Providing meaningful sensory input for integration starts with the conversation that we have with people and our understanding. I find that even the concept of allodynia is sometimes perceived as a relatively static phenomenon with pain from light touch.
    I often, when I listen, have patients describe how they obtain relief from gentle massage from trusted, loving members of their family vs how they have a painful response from the light touch of a ‘well-meaning’ clinician. I use a tape measure to measure edema with figure 8 measurements (validated measure like volumetric measures) – ‘light touch with a purpose’ seems to produce a different response. Mirror therapy with a purpose that is understandable – the role of vision in preparatory movement (pre-shaping for grasp) is well established (and how it can bias proprioceptive information).

    Perhaps with better understanding of all the factors that play into a person’s body schema (visual, proprioceptive, auditory, vestibular, knowledge) perhaps we will get closer to being on the same page. The COMPACT study looking at core outcome measures for CRPS for comparing data is an example (possibly). Towards better understanding.
    I would appreciate if you know of a reasonable glossary of terms with translations for mirror therapy or GMI, you would update me (ex. IASP, BIM).

  2. Tara Packham says

    I think this is an important question, as it will help us to better select which clients are most likely to benefit from mirror visual feedback. However, there is an important taxonomy issue here…is sensitivity and impaired sensation meant to include hypersensitivity, dysesthesia, allodynia and or numbness? All of these sensory disturbances may be experienced by persons with CRPS, and all can contribute to the pain experience.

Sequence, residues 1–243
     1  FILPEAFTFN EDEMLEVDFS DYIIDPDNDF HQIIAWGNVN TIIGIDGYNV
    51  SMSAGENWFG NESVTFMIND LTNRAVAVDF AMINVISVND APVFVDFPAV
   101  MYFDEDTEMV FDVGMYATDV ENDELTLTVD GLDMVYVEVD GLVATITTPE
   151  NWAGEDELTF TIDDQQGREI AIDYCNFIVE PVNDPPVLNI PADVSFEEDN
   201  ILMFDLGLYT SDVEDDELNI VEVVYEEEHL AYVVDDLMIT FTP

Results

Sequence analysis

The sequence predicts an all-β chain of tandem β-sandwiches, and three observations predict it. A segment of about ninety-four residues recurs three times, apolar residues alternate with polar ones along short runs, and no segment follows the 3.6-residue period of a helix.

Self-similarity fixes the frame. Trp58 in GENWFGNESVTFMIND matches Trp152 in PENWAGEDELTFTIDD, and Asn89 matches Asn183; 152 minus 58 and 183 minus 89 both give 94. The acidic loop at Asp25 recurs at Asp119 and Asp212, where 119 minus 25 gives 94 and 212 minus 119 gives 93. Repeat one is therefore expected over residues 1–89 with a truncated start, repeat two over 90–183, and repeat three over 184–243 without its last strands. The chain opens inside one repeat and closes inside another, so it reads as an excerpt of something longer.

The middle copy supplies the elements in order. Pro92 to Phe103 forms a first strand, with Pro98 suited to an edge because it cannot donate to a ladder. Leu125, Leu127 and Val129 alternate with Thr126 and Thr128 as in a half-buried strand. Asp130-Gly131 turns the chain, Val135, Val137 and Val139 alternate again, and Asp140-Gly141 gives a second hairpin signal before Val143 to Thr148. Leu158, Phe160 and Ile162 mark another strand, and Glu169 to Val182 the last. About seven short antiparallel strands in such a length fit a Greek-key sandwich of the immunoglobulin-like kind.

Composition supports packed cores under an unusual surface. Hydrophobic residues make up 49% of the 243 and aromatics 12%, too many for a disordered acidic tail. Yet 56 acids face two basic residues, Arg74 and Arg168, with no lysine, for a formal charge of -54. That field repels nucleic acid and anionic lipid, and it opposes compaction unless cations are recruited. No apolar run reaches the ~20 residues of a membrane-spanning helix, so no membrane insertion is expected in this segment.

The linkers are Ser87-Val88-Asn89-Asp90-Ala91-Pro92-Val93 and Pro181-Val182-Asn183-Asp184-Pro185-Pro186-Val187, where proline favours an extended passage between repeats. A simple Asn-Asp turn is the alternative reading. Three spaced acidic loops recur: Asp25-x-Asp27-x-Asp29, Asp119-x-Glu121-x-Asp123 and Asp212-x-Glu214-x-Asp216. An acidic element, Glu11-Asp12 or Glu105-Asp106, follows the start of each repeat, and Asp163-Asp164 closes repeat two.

Unfortunately, the published trials of mirror therapy have not measured allodynia or pain qualities, so we only know that the overall pain experience has changed. One of the lingering questions for me, however, is to what extent healthy normal subjects can inform our understanding of allodynia, which is one of the pathognomonic characteristics of central sensitization. There is also a need for clinically meaningful ways to accurately measure allodynia in people with central sensitization (from CRPS or other neuropathic pains, so we can measure the specific changes we are targeting, and compare the effects of different treatments.

    Janet Bultitude Reply:

    You raise some important points, Tara

    Although our research provides evidence that mirror box therapy reduces sensitivity touch, we cannot say for sure whether this would translate directly to reductions in allodynia or hypersensitivity in patients with CRPS.

    Wand and his colleagues (2004) tested the effects of mirror visual feedback with symmetrical and asymmetrical movements on pain thresholds in healthy people and found that neither condition changed pain sensitivity in their participants. However, unlike us, they tested the pain thresholds immediately *after* the mirror visual feedback – it may be that pain sensitivity is affected in healthy people, but only while they are actively undergoing mirror visual feedback.

    It can be useful to test the mechanisms of mirror visual feedback in healthy participants because this allows us to test one sensory process at a time (e.g., sensitivity to touch in the case of our study). Since patients with CRPS experience such a wide variety of symptoms, and even the type of pain varies dramatically between individuals, it can be difficult to know what changes are occurring. However, studies in healthy participants can only take us so far, and these need to be combined with patient research.